Listen: You Are Worthy of Sleep
Even in a pandemic.
On the latest episode of the Social Distance podcast, Tricia Hersey of the Nap Ministry joins James Hamblin and Katherine Wells to explain the importance of rest and how to get enough of it.
Listen to their conversation here:
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What follows is an edited and condensed transcript of their conversation.
Katherine Wells: Tricia, will you introduce yourself?
Tricia Hersey: My name is Tricia Hersey, and I’m the founder of the Nap Ministry, which is an organization that examines the liberating power of rest. We name sleep deprivation as a racial and social-justice issue. This project came out of my own experiences with exhaustion.
Wells: You have an undergraduate degree in public health, and you went to graduate school for divinity, so you’re interested in both the science and spiritual aspects of rest, is that right?
Hersey: Absolutely. My undergraduate degree was in community health, and I was really interested in looking at the body in a holistic way.
Wells: Jim hasn’t been sleeping for three months. He has been sleeping maybe five hours on average each night, but sometimes less. And he told me that he feels like every moment that he rests, he’s not doing something that he should be doing.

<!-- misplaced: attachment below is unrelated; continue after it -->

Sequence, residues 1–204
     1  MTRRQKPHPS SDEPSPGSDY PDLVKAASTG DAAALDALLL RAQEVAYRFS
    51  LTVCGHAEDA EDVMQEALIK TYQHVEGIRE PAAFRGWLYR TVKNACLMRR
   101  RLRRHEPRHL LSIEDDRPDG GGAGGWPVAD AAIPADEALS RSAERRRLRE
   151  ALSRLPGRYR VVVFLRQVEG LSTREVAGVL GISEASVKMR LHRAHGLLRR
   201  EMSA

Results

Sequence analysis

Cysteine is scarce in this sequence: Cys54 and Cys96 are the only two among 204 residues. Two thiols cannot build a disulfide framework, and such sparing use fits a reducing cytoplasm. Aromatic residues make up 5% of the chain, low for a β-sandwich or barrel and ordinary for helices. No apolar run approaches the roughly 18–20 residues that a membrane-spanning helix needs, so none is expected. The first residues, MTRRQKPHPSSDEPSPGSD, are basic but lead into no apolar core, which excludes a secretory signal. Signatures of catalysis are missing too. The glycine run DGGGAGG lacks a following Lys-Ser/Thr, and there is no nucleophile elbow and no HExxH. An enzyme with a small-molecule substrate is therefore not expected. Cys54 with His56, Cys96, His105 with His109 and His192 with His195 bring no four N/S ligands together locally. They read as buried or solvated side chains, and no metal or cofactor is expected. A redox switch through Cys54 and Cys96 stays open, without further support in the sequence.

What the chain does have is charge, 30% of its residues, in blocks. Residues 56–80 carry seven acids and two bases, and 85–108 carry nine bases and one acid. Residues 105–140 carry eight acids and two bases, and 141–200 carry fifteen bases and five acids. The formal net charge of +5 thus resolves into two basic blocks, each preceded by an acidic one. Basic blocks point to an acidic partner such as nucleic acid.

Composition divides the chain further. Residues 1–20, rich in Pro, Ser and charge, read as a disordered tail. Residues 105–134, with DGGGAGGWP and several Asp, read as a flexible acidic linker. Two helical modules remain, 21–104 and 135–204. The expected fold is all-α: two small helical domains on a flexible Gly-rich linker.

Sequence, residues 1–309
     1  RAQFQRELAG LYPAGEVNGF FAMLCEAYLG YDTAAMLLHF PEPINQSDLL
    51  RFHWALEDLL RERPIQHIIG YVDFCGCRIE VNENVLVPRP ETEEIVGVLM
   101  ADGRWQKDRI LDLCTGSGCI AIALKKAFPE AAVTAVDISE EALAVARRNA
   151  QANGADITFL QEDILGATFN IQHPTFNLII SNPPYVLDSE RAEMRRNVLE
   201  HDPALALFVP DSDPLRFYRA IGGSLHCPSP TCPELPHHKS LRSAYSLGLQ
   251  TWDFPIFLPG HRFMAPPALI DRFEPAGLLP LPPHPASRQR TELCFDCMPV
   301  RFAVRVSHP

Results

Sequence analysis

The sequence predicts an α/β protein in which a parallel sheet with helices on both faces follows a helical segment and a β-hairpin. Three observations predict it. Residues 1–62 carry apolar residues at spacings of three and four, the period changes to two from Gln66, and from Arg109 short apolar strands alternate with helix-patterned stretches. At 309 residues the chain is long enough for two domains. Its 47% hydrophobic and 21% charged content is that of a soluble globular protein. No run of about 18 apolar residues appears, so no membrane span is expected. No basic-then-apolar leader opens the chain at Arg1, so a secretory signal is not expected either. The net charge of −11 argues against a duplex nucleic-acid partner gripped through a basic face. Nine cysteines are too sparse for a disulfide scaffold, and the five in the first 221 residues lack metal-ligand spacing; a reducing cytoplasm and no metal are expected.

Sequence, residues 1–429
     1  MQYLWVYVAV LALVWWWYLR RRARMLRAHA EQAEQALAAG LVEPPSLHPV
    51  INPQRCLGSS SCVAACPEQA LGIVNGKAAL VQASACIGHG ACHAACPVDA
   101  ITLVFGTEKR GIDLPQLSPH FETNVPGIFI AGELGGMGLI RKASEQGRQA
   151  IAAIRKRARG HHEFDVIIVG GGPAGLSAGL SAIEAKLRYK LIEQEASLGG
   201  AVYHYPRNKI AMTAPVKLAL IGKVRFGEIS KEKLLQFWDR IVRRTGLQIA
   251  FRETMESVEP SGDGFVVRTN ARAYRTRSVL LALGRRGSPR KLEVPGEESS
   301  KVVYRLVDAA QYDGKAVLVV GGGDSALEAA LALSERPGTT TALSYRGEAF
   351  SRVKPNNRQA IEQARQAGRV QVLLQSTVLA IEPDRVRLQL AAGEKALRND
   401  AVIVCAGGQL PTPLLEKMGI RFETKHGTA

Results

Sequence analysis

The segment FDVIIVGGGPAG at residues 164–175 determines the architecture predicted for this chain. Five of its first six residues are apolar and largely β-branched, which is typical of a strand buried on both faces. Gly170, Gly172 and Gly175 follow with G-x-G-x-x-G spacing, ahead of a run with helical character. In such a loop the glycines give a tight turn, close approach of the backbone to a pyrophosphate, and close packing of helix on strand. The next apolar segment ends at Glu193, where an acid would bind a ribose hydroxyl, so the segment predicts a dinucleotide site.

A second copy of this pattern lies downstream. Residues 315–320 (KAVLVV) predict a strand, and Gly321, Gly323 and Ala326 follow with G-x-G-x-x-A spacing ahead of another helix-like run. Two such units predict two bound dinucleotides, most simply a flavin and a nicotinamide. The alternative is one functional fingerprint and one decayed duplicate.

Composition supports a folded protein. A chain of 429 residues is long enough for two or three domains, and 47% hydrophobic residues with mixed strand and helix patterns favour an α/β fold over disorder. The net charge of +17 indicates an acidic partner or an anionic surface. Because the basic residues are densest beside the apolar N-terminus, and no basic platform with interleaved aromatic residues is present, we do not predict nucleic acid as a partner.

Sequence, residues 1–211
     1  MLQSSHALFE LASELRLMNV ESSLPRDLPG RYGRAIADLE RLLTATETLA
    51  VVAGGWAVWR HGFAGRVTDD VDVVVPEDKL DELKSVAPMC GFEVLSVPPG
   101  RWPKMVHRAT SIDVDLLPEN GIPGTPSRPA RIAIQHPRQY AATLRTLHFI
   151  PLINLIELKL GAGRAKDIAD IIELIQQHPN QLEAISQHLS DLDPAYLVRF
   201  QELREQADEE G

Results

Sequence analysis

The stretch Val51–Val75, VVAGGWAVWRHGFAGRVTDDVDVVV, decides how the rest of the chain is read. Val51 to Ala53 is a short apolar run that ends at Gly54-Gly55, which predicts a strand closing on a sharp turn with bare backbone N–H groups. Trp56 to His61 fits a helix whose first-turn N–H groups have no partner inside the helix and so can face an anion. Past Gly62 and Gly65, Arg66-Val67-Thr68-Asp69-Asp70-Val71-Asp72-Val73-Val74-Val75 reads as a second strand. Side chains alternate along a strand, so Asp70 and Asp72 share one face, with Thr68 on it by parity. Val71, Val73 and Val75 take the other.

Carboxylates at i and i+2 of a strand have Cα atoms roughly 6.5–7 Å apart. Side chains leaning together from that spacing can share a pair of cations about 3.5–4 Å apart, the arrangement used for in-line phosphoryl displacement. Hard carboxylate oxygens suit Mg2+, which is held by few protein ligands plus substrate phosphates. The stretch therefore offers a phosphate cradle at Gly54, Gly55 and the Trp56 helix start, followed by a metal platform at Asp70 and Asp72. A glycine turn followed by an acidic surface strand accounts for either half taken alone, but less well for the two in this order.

James Hamblin: I am also just consumed by lots of worry for the world generally and for specific people in it. Normally I can put that aside and go to sleep. But these are extenuating circumstances.
Wells: Jim knows the science. He knows that he’s putting his health at risk by not getting enough rest. But I can’t get him to take it seriously. He just doesn’t seem to care. I was hoping that you could help.
Hersey: It sounds like he is taking it seriously, and this is, like he said, an extenuating circumstance. I want to first uplift that I don’t think there’s any particular right or wrong way to deal with anything that’s going on right now. I always say, Take it easy on yourself. This is a slow deprogramming. It’s really about uplifting what is happening, removing those veils, and really sitting in the midst of right now. I think a lot of people are having issues with sleep right now. I’m not sleeping as well as I used to either, because I’m really worried as well about my family.
Hamblin: I don’t feel constantly exhausted in the way that I would with real insomnia. I just hit these walls where I become so exhausted that I can barely function, and then I know I can sleep. But otherwise, if I have capacity in me, I am up.